Gallow Field Road
Foxton
Market Harborough
Leicestershire
LE16 7QZ

Telephone: 01858 545 328

Covid

Welcome Back

School Procedures

Start of the Day – we ask that children do not arrive before 8.45am, unless attending Breakfast Club.  All children are expected to be at school by 8.55am for registration, the gates will be locked at 8.55am.  Children who arrive in school after 8.55am must enter the school via the school office.  The one-way system is no longer in operation.

Breaktime – All children have a morning break of 15 minutes, from 10.15am until 10.30am.  We will be reviewing the timing at the end of September.

Lunchtime – We will gradually be reintroducing our ‘Lunchtime Family Dining’ system where the children are grouped across the year groups.  The children will eat their lunch in the school hall.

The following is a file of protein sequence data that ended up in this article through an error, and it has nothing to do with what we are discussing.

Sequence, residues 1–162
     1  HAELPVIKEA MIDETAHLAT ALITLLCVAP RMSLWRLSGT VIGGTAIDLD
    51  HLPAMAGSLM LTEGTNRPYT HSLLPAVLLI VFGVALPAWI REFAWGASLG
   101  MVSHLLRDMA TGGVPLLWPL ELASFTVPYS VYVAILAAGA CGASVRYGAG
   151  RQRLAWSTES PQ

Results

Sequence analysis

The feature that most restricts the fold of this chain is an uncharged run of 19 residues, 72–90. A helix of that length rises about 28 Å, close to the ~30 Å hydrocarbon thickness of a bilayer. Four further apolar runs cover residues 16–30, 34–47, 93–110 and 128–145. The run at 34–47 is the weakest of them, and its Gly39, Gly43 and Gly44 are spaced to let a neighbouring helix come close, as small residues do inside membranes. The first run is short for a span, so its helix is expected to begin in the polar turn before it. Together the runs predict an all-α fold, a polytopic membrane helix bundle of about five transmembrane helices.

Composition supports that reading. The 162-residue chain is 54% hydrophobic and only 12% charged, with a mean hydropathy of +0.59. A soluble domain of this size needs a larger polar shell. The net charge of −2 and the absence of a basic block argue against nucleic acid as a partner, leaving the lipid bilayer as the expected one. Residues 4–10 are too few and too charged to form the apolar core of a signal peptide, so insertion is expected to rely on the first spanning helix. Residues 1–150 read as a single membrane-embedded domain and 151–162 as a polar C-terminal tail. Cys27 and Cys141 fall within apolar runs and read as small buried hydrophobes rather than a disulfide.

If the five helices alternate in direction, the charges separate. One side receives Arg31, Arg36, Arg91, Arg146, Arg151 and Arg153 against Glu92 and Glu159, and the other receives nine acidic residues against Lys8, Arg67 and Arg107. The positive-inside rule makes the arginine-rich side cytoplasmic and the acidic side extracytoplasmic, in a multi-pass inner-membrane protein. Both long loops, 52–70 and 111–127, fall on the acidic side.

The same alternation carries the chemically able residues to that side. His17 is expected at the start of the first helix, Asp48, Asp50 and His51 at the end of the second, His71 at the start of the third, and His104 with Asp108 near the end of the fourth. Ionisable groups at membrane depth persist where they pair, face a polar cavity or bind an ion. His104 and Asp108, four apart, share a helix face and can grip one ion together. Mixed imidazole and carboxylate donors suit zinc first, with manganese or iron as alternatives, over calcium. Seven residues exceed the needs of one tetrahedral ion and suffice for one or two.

The cost of school meals for children in Years 3, 4, 5 & 6 are £2.35 per meal (£11.75 per week).  Please remember that meals need to be paid for in advance.  Children in Fox Cubs, Year 1 and 2 are all entitled to a free school dinner, this can be everyday or just occasionally.

Home time – The school day ends at 3.20pm, the gates will open at 3.15pm.  After School Care is available until 5.30pm if you are not able to collect your child/ren at this time.

Breakfast Club – operates from 8.00am in our hall, £2.00 for supervision, £2.60 for supervision and breakfast.  Breakfast served from Tuesday 31st August – fruit juice, cereal, toast.

After School Care – until 5.30pm, please book places in advance, there is a limit to the number of children who can attend therefore, unless we have reached the maximum number of children for a particular day, we will still take one off or emergency bookings.